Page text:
Reserved words

JQL also has a list of reserved words. These words need to be surrounded by quote-marks (single or double) if you wish to use them in queries:

"a", "an", "abort", "access", "add", "after", "alias", "all", "alter", "and", "any", "are", "as", "asc", "at", "audit", "avg", "be", "before", "begin", "between", "boolean", "break", "but", "by", "byte", "catch", "cf", "char", "character", "check", "checkpoint", "collate", "collation", "column", "commit", "connect", "continue", "count", "create", "current", "date", "decimal", "declare", "decrement", "default", "defaults", "define", "delete", "delimiter", "desc", "difference", "distinct", "divide", "do", "double", "drop", "else", "empty", "encoding", "end", "equals", "escape", "exclusive", "exec", "execute", "exists", "explain", "false", "fetch", "file", "field", "first", "float", "for", "from", "function", "go", "goto", "grant", "greater", "group", "having", "identified", "if", "immediate", "in", "increment", "index", "initial", "inner", "inout", "input", "insert", "int", "integer", "intersect", "intersection", "into", "is", "isempty", "isnull", "it", "join", "last", "left", "less", "like", "limit", "lock", "long", "max", "min", "minus", "mode", "modify", "modulo", "more", "multiply", "next", "no", "noaudit", "not", "notin", "nowait", "null", "number", "object", "of", "on", "option", "or", "order", "outer", "output", "power", "previous", "prior", "privileges", "public", "raise", "raw", "remainder", "rename", "resource", "return", "returns", "revoke", "right", "row", "rowid", "rownum", "rows", "select", "session", "set", "share", "size", "sqrt", "start", "strict", "string", "subtract", "such", "sum", "synonym", "table", "that", "the", "their", "then", "there", "these", "they", "this", "to", "trans", "transaction", "trigger", "true", "uid", "union", "unique", "update", "user", "validate", "values", "view", "was", "when", "whenever", "where", "while", "will", "with"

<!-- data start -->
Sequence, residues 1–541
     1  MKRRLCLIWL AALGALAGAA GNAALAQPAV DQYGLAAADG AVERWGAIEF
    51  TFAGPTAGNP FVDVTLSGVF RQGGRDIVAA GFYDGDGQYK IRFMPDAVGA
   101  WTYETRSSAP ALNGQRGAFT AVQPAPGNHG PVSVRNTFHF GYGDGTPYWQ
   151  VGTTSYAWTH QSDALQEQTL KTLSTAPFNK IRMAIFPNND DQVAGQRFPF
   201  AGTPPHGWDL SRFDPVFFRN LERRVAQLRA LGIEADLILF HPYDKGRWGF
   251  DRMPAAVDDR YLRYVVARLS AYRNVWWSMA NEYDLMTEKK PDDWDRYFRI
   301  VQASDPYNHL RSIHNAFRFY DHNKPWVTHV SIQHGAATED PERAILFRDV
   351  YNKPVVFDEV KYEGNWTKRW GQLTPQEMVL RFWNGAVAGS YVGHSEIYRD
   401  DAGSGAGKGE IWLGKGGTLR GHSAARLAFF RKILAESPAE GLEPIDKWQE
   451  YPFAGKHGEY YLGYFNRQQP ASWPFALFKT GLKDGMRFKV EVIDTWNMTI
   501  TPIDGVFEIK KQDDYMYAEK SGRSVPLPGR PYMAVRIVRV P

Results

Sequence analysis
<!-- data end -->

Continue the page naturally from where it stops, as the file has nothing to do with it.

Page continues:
Performing text searches

You can use text-searching features when performing searches on the following fields, using the CONTAINS operator:

Summary, Description, Environment, Comments, custom fields that use the "Free Text Searcher" (i.e. custom fields of the following built-in custom field types: Free Text Field, Text Field, Read-only Text Field).

Learn more about using search syntax for text fields.


A field in JQL is a word that represents a Jira field (or a custom field that has already been defined in Jira). Learn more about using fields for advanced searching.


An operator in JQL is one or more symbols or words that compare the value of a field on its left with one or more values (or functions) on its right, such that only true results are retrieved by the clause. Some operators may use the NOT keyword. Learn more about using operators for advanced searching.


A keyword in JQL is a word or phrase that does (or is) any of the following:

  • joins two or more clauses together to form a complex JQL query
  • alters the logic of one or more clauses
  • alters the logic of operators
  • has an explicit definition in a JQL query
  • performs a specific function that alters the results of a JQL query